Historic Bush House Museum

More From Salem More From Oregon

A Bush daughter who struggled with mental illness stays here.

Several family members like to keep his daughter company.



Set quite a ways off the street, this elegant, simplified version of an Italianate style Victorian Mansion can be found up on a small hill, just west of its rather large, gorgeous rose gardens. The Art Association of Salem have been fine stewards of such a unique property, that not only still has the side buildings; The Bush Barn Art Center and The Greenhouse Conservatory but also acres of flower gardens, a popular park, and other much appreciated perks, as most the 100 acre estate belongs to the City of Salem, with The Art Association of Salem being in control of the property.

When Asahel Bush II built this mansion in 1877-78, he made sure that this mansion had all the bells and whistles deemed important for both functionality and beauty, including a central heating system, indoor plumbing, gaslights, and imported French wallpaper. Asahel also imported Italian marble for the ten, each one-of-a kind fireplaces, cut in the Italianate style.

The mansion was designed to be practical for all, and well used. Front steps lead to a large, expansive veranda, offering plenty of room to enjoy the outdoor views, and entertain. All the common rooms are of course off the grand central hall, as is Bush’s bedroom and bath. The parlor, formal dining room butler’s pantry and a rather large state of the art 19th century kitchen with a wood burning stove are on one side of the mansion, while the sitting room, the library and Bush’s personal area are on the other side.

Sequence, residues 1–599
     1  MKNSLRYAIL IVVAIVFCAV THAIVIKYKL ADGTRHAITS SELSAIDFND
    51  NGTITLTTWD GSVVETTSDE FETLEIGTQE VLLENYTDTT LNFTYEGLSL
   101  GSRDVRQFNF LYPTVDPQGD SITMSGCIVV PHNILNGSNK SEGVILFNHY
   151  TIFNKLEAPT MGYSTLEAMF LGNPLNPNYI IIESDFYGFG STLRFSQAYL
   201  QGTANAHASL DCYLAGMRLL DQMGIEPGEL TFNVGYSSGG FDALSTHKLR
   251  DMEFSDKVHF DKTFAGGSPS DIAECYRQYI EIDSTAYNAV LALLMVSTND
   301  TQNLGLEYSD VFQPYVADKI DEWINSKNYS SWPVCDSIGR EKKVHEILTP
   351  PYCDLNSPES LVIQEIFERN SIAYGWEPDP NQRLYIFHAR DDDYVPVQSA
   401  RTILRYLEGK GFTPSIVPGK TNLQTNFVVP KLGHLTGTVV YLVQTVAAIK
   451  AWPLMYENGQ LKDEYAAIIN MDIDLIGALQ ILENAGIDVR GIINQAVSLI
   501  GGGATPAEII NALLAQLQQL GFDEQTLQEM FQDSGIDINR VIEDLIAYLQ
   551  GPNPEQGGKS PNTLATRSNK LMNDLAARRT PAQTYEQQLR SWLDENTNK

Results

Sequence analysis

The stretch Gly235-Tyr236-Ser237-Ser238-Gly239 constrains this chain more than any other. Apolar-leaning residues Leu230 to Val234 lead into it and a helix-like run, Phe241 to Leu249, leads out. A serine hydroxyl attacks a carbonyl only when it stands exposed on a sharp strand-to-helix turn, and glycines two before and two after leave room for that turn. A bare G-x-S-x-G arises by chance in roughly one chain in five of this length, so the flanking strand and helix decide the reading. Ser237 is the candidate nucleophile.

From the central hall, a “straight”, wonderfully carved wooden oak stairway leads the visitor up to a spacious second floor hall where all the other bedrooms, a shared in-door bath, and servants’ quarters are located. Though they had to share the tub, shower and potty, each room did have its own running hot and cold water, displayed beautifully in a marble-topped sink. All the water running through the plumbing for the house came from the mansion’s large, square tower.

All of the twelve rooms open to the public are filled with choice furnishings chosen by both Asahel Bush II and Sally, and contain most of the Bush Family’s personal belongings. The tour is well worth it!



In 1850, a 26 year old lawyer, Asahel Bush II, came to Oregon City to start a newspaper to be the voice of the Democratic Party in Oregon. After a glorious start in his journalism career, Asahel Bush II moved the newspaper, “The Oregon Statesman” and himself to Salem. He entered politics, and in 1859, he was elected Printer.

In Salem, he met the love of his life, Eugenia, and married her. They started their family and enjoyed a short life-time together. Tragically, Eugenia came down with TB, and died in 1863. At the death of his beloved wife, Eugenia, the 39 year old Asahel Bush II sold his newspaper, “The Oregon Statesman”, and opened up the Ladd and Bush Bank with a partner, W. S. Ladd. He probably had shorter hours, and was able to be home earlier to be with the children, being a single parent now of very young children; (6, 4, 2, & 1 year old): Estelle (1856-1942), Asahel III (1858-1953), Sally (1860-1946) and Eugenia (1862-1932)

In 1873, Asahel Bush II bought out his partner’s interest and took total control of the Ladd and Bush Bank; a bank that became a very successful; the strongest financial institution in the Pacific Northwest.

In 1876-77, Asahel Bush II was now a fantastic success in the banking field, and decided it was time to build his dream house. Bush simply moved the Leslie Farmhouse they had been living in all these years across Mission Street, and hired architect Wilbur F. Boothby, who was also superintendent of its construction to build a lovely Victorian Italianate mansion for Bush and his family to live in, and enjoy the fruits of his labor.

Bush’s children grew up well-adjusted and did very well for themselves. Estelle, Sally and Asahel III were all college graduates. Estelle married well, Asahel III became a banker like his father, and Sally returned home after college to be the mistress of Bush Mansion, living with her father, taking care of all social responsibilities, buying items for the mansion, and managing the estate very well; happy as a clam. Even when she was a college student, she was the one who bought the furniture for the new mansion.